...last patient of the day

We figured it was time to update you on the progress of the Sexual and Reproductive Health (SRH) programme which Alison has been helping to develop for the Touch Namuwongo community project based at IHK, particularly as some of you very kindly donated funds to get it up and running. The clinics are now well under way, with around 20-30 patients per clinic coming through for advice and testing for Sexually Transmitted Diseases (STDs) and cervical cancer screening. The clinics are free of charge and are targetted at the members of the community that cannot afford to pay.
There has been a very high uptake which is likely only to get higher as more people learn about the service on offer. Alison has worked closely with the Ugandan medical staff who will continue to deliver the service and raise the profile and importance of sexual and reproductive health within the underpriveledged communities in Uganda once Alison has left.
Your generous donations helped to launch the service and the funding which allows its continued delivery is largely coming from Oxford University in the form of a research grant. The objective of the research project is to develop a risk tool to identify those members of the population most at risk of contracting STDs. This is being achieved by testing all patients currently presenting at the clinic for a range of STDs. Once developed, this tool will subsequently be validated and put to use in the local community and further afield.
We are currently working on raising funds to allow this much needed service to continue for the community once the research is over. As this service is also lacking in the private sector, Alison has helped develop a similar package for the hospital and we are in the process of developing a model which uses the profits generated from this private service to subsidise the service offered to the community. This model of using the infrastructure and resources provided by the private arm of the organisation to help the community, is at the heart of IMG and helps sustain many of our community projects. That said, this model can only provide a part of the solution to meeting the unending health needs of the community and as such we still rely on and are very grateful for any charitable donations through the Suubi Trust (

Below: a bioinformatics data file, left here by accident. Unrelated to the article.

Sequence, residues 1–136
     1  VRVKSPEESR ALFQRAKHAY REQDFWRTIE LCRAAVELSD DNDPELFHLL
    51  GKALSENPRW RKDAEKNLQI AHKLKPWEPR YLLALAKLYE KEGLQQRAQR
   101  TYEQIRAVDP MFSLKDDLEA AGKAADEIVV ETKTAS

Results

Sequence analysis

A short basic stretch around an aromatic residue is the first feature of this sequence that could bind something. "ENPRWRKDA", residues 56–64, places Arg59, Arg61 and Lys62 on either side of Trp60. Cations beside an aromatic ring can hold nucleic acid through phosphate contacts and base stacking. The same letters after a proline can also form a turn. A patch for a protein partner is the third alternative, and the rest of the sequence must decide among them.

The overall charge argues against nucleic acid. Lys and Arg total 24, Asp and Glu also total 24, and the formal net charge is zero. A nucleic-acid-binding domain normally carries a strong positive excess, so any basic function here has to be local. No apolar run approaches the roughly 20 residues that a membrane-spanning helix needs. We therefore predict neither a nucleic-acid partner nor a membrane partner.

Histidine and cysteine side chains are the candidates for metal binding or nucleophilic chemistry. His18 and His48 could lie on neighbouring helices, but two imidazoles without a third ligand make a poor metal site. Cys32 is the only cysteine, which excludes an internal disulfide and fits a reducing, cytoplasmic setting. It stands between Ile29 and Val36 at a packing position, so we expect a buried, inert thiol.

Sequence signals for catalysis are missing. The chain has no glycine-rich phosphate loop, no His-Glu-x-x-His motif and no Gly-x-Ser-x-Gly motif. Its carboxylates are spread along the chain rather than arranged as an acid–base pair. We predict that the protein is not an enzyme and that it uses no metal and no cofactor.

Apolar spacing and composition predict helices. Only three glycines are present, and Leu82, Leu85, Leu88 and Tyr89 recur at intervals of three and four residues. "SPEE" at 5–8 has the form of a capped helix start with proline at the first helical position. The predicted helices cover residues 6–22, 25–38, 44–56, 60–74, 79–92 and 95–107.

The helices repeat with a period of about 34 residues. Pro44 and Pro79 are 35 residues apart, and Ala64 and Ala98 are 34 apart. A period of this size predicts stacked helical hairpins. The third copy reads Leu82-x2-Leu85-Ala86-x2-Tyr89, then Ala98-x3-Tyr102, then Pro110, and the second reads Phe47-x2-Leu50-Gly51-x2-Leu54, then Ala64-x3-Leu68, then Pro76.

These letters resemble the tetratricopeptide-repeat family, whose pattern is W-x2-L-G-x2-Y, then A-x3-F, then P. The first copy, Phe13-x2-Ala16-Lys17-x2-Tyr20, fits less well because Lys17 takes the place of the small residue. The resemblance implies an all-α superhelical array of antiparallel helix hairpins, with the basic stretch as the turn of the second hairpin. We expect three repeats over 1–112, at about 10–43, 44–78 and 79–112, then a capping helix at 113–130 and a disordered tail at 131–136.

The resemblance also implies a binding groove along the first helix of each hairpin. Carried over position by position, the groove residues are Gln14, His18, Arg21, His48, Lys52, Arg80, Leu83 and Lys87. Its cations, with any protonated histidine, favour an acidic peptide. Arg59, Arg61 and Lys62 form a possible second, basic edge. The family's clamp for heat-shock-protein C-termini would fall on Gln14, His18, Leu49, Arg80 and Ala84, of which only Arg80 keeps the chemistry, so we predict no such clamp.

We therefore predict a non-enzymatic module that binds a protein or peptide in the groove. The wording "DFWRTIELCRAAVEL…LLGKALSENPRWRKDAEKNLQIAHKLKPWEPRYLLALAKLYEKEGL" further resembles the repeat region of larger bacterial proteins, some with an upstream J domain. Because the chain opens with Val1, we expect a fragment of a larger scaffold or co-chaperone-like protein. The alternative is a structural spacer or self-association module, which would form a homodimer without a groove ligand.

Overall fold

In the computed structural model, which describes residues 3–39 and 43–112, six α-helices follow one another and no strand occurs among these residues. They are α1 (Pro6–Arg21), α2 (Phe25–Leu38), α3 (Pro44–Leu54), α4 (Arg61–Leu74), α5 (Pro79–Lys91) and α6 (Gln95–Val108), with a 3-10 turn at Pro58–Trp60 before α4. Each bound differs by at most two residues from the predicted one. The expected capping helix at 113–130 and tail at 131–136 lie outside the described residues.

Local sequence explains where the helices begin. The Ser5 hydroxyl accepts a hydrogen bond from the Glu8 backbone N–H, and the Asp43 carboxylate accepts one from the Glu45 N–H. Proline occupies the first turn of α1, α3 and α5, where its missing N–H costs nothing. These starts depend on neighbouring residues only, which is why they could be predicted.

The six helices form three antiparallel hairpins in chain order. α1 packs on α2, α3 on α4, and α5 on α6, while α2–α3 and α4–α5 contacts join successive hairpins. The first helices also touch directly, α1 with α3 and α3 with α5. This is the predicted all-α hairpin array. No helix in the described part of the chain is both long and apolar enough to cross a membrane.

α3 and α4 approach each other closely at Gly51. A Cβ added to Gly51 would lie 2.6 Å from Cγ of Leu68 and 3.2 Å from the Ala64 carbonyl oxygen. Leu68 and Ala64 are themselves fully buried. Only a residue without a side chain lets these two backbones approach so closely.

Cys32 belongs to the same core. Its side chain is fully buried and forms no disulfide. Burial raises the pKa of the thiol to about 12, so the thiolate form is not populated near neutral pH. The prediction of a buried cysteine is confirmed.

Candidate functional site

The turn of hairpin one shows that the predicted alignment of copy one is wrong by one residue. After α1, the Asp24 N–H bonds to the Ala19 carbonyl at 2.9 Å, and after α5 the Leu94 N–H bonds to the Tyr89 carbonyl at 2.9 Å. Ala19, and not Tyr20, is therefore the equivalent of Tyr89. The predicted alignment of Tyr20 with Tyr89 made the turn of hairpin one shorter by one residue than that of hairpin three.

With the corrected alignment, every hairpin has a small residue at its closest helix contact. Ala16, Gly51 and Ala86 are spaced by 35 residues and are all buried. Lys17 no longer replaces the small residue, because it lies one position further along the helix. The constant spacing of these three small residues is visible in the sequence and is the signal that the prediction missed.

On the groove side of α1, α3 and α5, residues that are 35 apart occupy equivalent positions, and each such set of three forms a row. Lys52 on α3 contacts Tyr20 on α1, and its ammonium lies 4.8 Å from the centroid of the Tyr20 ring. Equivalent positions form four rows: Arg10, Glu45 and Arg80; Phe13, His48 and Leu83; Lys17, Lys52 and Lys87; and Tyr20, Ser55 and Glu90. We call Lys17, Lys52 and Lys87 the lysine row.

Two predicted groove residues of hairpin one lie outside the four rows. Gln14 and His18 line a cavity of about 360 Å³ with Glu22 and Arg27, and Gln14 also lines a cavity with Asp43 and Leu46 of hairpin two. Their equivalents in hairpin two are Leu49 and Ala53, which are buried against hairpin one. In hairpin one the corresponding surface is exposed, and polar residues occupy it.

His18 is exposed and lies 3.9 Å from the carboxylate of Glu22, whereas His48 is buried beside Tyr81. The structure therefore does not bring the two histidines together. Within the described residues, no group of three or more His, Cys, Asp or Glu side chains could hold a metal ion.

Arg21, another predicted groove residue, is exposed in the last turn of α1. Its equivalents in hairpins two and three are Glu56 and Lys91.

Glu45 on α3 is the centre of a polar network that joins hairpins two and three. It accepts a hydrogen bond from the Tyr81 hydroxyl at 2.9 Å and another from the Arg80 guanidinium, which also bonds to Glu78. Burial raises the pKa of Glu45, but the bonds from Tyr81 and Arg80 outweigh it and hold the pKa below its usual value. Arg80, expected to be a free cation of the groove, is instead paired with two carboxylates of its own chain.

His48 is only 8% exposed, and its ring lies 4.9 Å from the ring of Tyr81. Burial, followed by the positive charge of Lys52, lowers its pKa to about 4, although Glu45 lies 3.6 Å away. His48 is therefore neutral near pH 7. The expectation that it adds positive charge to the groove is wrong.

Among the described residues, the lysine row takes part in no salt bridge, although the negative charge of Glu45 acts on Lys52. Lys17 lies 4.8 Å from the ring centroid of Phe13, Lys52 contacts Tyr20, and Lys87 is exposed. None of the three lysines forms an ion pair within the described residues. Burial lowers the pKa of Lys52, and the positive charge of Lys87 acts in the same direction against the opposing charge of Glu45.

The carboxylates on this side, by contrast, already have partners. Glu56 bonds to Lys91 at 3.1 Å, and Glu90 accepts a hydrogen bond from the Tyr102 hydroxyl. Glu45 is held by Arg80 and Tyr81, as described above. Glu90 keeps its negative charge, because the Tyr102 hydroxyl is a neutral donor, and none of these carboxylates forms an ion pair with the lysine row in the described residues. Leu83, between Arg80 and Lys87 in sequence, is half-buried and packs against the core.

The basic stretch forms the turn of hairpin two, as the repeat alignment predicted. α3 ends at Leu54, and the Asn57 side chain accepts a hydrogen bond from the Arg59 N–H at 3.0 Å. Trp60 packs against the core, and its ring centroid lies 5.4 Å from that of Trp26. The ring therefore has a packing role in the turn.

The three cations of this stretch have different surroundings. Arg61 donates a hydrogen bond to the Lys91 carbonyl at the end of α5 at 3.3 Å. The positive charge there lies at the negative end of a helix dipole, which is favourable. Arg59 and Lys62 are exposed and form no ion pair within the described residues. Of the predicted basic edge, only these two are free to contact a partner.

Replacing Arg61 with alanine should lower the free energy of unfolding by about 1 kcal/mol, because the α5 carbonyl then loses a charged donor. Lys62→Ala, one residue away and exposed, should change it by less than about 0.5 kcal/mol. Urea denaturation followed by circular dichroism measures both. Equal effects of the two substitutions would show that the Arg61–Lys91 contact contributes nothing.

Alison has really enjoyed the community work and has found it the most rewarding job she has ever done. The people with whom Alison works have continually impressed her with their willingess to learn and take on these new challenges and she has felt priveledged to be a part of such a dedicated team.
Inevitably, this line of work, although rewarding, can be emotionally draining, especially with the high number of HIV positive diagnoses and the high rate of non-consensual sexual encounters at such an early age. This could never have been more apparent than the other week as Alison's last patient of the day stepped through the door. Her sad story has really touched a nerve both personally and throughout the organisation. Appreciating that her story will not be appropriate for some of the younger followers of our blog we will not go into the detail here, but if those of a stronger disposition could spare the time to read more about her story and help in any way through the Suubi Trust ( then please follow the link to Last Patient of the Day

Sunday, 26 September 2010

Mucking Out...!

Kampala is filthy! Almost everywhere you look there are piles of rubbish. The drains are clogged with plastic bags. You often get wafts of sewage whilst out and about. In the slum areas, which are located at the bottom of the hills near the swamps, this is magnified, as everyone's waste (including personal!) gets washed down by gravity towards them. There is no council-sponsored waste collection so it is down to the communities to keep their environment clean. From what we can see this does not always happen. In neighbouring Rwanda, the government has taken more drastic steps; plastic bags are completely banned and community clean-up days are organised every month to keep the waste levels to a minimum.
On Saturday, we helped organise a similar clean-up day in our local community in a deprived area called Namuwongo. VSO gives a small budget to the volunteers clustered in any given area to spend on a local project, which will in some way help improve the lot of the local community. It was a case of opportunity meeting need, as the Touch Namuwongo project in which Alison is involved has been looking to start a clean-up programme and we had some funds to buy the equipment needed. So we joined forces and purchased wheelbarrows, shovels, wellies, gloves, etc. The community were 'mobilised' to attend on Saturday morning and over 400 people turned up and duly collected their gloves and tools and set to work collecting the rubbish and digging out the ditches. Amy, Zoe and Bella joined in for the 'light cleaning' and seeing little white kids helping out swelled the numbers of locals further. Those with a keen eye may spot the girls wearing their Monkey Lou superhero t-shirts (donated by Laura Bramswell-thank you!) in a bid to save the planet